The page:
Guidelines for the control of nausea and vomiting with chemotherapy of low or minimal emetic potential.
Summary of "Guidelines for the control of nausea and vomiting with chemotherapy of low or minimal emetic potential."
The purpose of this study is to update the guidelines for antiemetic therapy to be used with anticancer agents of low to minimal emetic potential.
Experts from the Multinational Association of Supportive Care in Cancer (MASCC) met in Perugia in 2009 to revise the MASCC antiemetic consensus guidelines. There is an increasing number of anticancer agents which are classified as being associated with a low or minimal risk of nausea and vomiting. However, the emetic potential of such agents and particularly those given as prolonged oral therapy is not well documented, and neither is the optimal antiemetic therapy.
The consensus is that patients receiving anticancer therapy of low emetic potential should receive single-agent antiemetic prophylaxis such as dexamethasone, 5 hydroxytryptamine3 (5HT3) receptor antagonists, or dopamine receptor antagonists. Those receiving anticancer therapy of minimal emetic potential and who have no prior history of nausea and vomiting should not receive antiemetic prophylaxis. Those who experience nausea and vomiting subsequently can receive single-agent dexamethasone, 5HT3 receptor antagonists, or dopamine receptor antagonists.
More data are needed on the emetic potential and the outcome of antiemetic treatment with agents likely to fall into the low or minimal emetic potential category.
Cancer Council Australia, GPO Box 4708, Sydney, NSW, Australia, 2001, email@example.com.
This article was published in the following journal.
Name: Supportive care in cancer : official journal of the Multinational Association of Supportive Care in Cancer
- PubMed Source: http://www.ncbi.nlm.nih.gov/pubmed/20803222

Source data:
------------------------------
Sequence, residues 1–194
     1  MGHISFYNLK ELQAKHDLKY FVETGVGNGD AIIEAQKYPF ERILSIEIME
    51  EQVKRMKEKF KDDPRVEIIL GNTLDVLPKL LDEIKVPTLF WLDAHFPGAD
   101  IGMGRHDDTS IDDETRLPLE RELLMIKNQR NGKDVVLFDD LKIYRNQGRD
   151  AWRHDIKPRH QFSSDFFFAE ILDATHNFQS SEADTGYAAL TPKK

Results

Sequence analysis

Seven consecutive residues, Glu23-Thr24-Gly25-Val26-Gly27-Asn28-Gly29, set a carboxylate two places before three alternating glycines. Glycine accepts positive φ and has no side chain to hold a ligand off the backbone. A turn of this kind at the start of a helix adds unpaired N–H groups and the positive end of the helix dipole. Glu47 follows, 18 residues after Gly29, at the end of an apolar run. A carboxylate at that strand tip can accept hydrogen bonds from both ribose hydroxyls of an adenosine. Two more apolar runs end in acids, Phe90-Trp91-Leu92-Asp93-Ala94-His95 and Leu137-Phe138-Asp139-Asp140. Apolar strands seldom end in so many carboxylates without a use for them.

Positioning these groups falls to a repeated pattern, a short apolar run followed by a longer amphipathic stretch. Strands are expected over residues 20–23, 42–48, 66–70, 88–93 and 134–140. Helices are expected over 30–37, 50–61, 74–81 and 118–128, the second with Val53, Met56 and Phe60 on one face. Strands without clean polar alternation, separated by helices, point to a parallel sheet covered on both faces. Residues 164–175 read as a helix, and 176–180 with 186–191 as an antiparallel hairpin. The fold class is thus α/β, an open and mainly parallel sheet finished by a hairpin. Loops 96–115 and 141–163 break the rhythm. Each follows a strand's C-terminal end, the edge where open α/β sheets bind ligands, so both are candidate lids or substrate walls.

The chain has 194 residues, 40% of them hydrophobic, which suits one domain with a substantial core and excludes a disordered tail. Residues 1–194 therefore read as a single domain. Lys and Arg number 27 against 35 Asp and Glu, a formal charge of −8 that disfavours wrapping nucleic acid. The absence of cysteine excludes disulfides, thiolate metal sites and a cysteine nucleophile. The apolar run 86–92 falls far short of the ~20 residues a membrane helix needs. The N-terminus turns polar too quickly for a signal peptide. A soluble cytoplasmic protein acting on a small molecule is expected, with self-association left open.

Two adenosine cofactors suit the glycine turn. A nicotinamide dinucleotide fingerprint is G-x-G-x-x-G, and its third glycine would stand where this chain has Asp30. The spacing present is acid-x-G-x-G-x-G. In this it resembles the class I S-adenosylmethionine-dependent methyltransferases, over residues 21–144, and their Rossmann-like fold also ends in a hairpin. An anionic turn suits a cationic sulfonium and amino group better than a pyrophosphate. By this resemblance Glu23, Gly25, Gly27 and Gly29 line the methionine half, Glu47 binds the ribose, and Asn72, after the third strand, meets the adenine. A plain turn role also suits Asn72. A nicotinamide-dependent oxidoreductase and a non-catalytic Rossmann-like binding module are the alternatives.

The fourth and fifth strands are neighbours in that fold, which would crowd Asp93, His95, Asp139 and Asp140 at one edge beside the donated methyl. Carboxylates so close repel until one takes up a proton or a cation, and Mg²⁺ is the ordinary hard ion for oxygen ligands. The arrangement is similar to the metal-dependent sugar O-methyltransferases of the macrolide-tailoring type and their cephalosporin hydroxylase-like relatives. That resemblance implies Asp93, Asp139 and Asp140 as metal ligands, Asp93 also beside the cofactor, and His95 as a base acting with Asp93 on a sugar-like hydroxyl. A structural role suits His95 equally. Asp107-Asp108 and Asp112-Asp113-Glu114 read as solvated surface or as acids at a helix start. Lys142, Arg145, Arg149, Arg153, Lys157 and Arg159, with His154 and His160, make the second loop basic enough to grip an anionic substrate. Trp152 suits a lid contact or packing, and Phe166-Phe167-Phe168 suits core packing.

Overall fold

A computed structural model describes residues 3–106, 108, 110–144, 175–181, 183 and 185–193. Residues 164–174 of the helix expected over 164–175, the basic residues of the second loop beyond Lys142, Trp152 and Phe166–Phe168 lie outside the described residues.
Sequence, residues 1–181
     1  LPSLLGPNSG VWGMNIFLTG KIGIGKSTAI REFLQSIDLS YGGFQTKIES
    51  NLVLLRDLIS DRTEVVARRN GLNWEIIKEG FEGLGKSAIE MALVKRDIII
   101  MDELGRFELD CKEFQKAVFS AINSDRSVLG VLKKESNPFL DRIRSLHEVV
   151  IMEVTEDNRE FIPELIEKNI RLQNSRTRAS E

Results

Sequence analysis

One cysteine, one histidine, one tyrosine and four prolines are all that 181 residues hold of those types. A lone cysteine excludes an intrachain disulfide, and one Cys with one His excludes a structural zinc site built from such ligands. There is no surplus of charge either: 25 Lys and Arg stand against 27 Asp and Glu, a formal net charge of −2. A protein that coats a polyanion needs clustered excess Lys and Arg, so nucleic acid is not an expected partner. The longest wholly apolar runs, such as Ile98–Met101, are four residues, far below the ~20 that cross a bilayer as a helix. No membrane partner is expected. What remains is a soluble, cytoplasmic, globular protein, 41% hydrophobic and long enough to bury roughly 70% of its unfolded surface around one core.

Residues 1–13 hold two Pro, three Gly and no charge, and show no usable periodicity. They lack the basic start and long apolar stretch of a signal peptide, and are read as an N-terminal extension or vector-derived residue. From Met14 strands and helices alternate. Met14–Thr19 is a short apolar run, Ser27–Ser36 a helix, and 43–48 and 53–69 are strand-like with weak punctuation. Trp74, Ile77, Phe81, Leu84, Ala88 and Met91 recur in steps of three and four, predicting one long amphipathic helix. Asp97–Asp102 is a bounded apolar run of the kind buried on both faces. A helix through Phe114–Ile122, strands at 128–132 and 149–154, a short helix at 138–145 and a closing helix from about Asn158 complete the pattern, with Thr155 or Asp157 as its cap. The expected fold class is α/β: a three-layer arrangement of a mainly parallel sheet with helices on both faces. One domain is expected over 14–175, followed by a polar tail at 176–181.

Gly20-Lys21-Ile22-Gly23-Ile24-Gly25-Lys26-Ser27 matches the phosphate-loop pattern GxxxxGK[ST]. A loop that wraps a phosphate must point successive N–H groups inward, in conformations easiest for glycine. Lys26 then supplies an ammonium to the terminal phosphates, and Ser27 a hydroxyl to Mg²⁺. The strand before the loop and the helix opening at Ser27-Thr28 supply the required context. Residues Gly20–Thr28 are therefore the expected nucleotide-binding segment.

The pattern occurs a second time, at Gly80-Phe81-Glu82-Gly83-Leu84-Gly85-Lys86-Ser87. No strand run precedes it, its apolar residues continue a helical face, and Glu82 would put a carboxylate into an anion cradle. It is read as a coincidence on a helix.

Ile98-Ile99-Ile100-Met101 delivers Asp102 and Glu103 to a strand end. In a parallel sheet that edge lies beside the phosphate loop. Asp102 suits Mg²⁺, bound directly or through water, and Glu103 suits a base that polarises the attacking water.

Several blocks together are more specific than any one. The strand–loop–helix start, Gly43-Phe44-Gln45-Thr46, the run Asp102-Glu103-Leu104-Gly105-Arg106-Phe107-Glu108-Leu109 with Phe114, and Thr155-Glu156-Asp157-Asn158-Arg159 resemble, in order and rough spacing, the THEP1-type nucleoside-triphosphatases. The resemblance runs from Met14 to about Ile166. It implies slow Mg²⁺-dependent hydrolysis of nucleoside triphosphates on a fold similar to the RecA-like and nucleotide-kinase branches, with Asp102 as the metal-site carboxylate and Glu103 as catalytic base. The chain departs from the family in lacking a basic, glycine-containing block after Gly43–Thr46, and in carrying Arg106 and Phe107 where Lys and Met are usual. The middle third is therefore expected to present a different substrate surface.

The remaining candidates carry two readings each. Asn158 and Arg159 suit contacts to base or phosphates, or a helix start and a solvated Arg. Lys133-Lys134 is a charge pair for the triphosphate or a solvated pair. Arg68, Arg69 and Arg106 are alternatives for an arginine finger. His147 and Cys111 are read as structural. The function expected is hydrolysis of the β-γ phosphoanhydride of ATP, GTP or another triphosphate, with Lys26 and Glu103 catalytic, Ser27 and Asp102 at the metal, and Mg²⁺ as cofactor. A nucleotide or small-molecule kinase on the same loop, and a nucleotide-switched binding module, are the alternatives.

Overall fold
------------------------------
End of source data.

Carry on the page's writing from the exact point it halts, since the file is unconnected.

- DOI: http://dx.doi.org/10.1007/s00520-010-0985-8
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Medical and Biotech [MESH] Definitions
A dopamine antagonist that is particularly useful in treating the nausea and vomiting associated with anesthesia, mildly emetic cancer chemotherapy agents, radiation therapy, and toxins. This piperazine phenothiazine does not prevent vertigo or motion sickness. (From AMA Drug Evaluations Annual, 1994, p457)
Drugs used to prevent NAUSEA or VOMITING. Antiemetics act by a wide range of mechanisms. Some act on the medullary control centers (the vomiting center and the chemoreceptive trigger zone) while others affect the peripheral receptors.
A competitive serotonin type 3 receptor antagonist. It is effective in the treatment of nausea and vomiting caused by cytotoxic chemotherapy drugs, including cisplatin, and has reported anxiolytic and neuroleptic properties.
A drug combination that contains DIPHENHYDRAMINE and THEOPHYLLINE. It is used for treating vertigo, motion sickness, and nausea associated with pregnancy. It is not effective in the treatment of nausea associated with cancer chemotherapy.
Symptoms of NAUSEA and VOMITING in pregnant women that usually occur in the morning during the first 2 to 3 months of PREGNANCY. Severe persistent vomiting during pregnancy is called HYPEREMESIS GRAVIDARUM.